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Groundbreaking Research Taking Place at Trent while the World Sleeps

Carlyle SmithAccording to Professor Carlyle Smith, Trent's renowned sleep specialist, the data being collected at the new Sleep Lab in the early morning hours is what is going to put the University on the map in terms of cutting edge sleep research.

Since the Sleep Lab was built in the summer of 2005 and became fully operational in January 2006, researchers have been busy collecting data to support their landmark theory that certain kinds of sleep can be connected to specific types of learning. More specifically, they are working to prove that cognitive learning is related to REM (Rapid Eye Movement) sleep, while motor learning is related to Stage 2 sleep.

"Our interest is in how sleep is related to the things you learn, how you learn them, and your memory of those things," explained Professor Smith. "For example, if you are learning a new concept – not just something you can memorize, but something that requires a new cognitive strategy – we look to see what kind of sleep is attached to that."

As one of four institutions affiliated with the Centre for Biological Timing and Cognition, Trent University received a significant funding contribution from the Canada Foundation for Innovation (CFI) Fund to build the new lab, which houses three bedrooms, a control room, washroom, a task acquisition room, and an evoked responses recording room. Aside from the freshly painted walls and tastefully decorated bedrooms, Professor Smith stresses that the new equipment is what makes the lab truly exceptional, "Now we have equipment with which we can do so many more things than just looking at the basics of sleep," he said.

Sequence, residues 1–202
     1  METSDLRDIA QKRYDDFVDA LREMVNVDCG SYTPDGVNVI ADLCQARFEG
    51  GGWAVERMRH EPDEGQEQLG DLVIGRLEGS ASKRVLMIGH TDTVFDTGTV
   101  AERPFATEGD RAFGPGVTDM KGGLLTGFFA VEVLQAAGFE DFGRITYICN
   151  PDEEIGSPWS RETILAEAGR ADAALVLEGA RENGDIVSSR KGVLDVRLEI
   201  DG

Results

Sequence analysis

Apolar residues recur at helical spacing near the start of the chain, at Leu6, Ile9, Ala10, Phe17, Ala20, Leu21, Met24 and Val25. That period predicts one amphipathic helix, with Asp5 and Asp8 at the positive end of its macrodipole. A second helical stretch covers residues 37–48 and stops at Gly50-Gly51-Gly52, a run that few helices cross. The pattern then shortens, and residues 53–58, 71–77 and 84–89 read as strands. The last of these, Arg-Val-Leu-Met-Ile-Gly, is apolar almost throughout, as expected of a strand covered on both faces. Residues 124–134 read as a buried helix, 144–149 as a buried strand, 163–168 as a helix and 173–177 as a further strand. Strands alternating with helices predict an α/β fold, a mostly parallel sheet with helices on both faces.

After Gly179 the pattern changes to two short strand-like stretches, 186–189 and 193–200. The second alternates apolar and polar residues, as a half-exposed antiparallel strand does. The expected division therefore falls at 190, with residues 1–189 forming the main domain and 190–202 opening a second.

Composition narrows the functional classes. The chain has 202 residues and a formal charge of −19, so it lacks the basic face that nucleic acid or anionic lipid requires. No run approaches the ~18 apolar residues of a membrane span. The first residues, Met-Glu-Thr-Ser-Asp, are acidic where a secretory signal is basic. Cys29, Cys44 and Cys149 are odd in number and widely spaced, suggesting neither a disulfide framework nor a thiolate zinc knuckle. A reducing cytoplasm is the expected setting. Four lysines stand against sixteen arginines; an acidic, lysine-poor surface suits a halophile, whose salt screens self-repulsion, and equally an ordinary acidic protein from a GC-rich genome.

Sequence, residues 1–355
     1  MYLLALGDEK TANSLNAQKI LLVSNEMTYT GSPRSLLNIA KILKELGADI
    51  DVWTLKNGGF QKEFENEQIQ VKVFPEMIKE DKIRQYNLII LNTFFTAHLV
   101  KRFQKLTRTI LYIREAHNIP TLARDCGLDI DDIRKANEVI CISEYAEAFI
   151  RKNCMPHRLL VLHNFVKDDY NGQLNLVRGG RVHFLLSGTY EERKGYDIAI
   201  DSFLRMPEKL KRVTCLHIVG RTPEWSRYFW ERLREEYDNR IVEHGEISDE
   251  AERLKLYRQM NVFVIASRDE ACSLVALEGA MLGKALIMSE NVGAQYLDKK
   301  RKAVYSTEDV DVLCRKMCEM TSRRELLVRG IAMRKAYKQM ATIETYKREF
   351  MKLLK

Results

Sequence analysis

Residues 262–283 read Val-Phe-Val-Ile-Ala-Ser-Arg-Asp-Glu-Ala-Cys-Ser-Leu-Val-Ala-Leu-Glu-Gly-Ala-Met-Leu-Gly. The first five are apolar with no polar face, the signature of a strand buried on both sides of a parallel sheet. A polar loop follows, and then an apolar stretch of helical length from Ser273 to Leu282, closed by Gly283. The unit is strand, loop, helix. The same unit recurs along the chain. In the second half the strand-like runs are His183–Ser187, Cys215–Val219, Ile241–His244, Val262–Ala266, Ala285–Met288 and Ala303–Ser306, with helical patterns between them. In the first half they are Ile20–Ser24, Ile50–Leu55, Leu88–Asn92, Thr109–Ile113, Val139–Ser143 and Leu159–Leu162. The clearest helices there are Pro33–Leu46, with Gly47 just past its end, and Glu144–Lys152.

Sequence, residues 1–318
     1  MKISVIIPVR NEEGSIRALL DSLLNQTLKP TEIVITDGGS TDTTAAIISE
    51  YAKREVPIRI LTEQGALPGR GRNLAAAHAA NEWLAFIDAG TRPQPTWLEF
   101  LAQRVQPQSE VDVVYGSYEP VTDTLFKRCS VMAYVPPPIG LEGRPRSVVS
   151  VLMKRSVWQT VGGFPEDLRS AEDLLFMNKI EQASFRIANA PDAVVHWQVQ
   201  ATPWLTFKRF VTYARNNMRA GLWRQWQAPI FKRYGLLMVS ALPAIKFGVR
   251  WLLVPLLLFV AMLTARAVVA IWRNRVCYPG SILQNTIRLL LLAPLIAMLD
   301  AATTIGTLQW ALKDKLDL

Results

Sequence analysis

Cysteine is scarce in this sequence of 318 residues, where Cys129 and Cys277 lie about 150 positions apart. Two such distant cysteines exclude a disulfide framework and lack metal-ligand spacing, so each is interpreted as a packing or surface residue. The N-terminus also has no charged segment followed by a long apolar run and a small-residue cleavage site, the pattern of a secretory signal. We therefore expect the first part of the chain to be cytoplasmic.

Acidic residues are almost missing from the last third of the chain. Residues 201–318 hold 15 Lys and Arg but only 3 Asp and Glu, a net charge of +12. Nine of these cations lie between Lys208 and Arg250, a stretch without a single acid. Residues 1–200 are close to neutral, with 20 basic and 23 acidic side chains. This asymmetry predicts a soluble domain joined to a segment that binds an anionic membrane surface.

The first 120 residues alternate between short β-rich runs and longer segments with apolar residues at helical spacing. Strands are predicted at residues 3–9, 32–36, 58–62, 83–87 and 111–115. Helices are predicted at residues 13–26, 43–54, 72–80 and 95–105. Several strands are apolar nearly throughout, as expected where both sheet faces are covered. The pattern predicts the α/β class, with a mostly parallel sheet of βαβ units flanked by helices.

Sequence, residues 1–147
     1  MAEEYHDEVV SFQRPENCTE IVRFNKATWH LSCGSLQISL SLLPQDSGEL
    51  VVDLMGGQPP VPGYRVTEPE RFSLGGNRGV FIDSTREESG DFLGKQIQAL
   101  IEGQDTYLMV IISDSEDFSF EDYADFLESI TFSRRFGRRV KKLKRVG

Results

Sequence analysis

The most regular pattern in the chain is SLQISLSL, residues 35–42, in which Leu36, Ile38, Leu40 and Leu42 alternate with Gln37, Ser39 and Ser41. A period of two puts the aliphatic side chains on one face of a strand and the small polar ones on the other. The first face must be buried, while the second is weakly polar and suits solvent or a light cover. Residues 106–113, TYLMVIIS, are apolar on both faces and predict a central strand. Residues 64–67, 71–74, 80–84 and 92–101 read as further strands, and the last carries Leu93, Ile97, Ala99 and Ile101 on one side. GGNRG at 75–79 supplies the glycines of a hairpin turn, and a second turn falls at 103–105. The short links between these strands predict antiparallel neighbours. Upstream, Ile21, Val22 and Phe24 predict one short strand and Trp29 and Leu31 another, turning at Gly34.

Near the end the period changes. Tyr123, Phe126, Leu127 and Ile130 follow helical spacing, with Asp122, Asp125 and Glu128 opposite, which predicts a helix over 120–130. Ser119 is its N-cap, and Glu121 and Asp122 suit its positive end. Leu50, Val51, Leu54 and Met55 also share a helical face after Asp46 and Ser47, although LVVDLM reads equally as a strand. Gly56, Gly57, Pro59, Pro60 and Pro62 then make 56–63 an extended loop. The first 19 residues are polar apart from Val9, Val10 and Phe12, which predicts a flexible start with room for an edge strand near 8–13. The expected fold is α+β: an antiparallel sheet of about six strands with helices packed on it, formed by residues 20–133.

Professor Smith joined the Department of Psychology at Trent in 1972 after completing post doctorate study with Michel Jouvet, one of the pioneers of research on sleep physiology, in Lyon, France. After approximately ten years of studying sleep in rats, Professor Smith moved on to create a small lab at Trent to study sleep patterns in humans. Since having the opportunity to turn the smaller labs into this new innovative research facility, Professor Smith could not be happier. With a full-time certified technician and undergraduate and graduate students working in the lab, there is the ability to collect more data than ever before.

To date, the first phase of the project, aimed at collecting data on the link between learning motor tasks and Stage 2 sleep, is nearly complete. The second stage, which will study the impact of cognitive learning on REM sleep patterns, is set to begin this summer with the entire project scheduled for completion by the end of the year. Asked to comment on what has been the most interesting finding so far, Professor Smith pauses briefly before responding, "Discovering the amount of REM sleep is also related to a level of intelligence. These were two things I didn't think would be correlated."

The impact of sleep on intelligence and learning is something that Professor Smith finds personally fascinating. And as the research continues, he becomes more and more of an advocate for promoting a good night's sleep as the answer to achieving one's full potential.

"It is becoming more and more clear that bad sleep does have an impact on performance," he said. "And that becomes a bit of a concern when you think that everyone you count on, from doctors to police officers and airline pilots, have horrendous day-night patterns…Personally, I don't care who it is, if a high IQ and lower IQ doctor were standing side-by-side, I would take the one who had a good sleep, every time."

In addition to exploring the links between sleep and learning, innovative research is also being undertaken at the Sleep Lab in relation to the connections between sleep, memory, and aging. As part of Canadian Institutes for Health Research (CIHR) and Alzheimer's Society of Canada grants, Professor Smith, along with fellow psychology professor Kevin Peters, are conducting comparison research between younger and older people to show how sleep patterns affect memory as we age. This research puts Trent University on the leading edge of sleep research in relation to an aging population.

Whether you are young or old, a man or a woman, a student or a doctor, Professor Smith has the same advice for everyone who wants to be successful and able to perform at their best: "Go to bed and get more sleep. It sounds simple, but it is the best thing you can do for yourself."  

Posted June 13, 2006





























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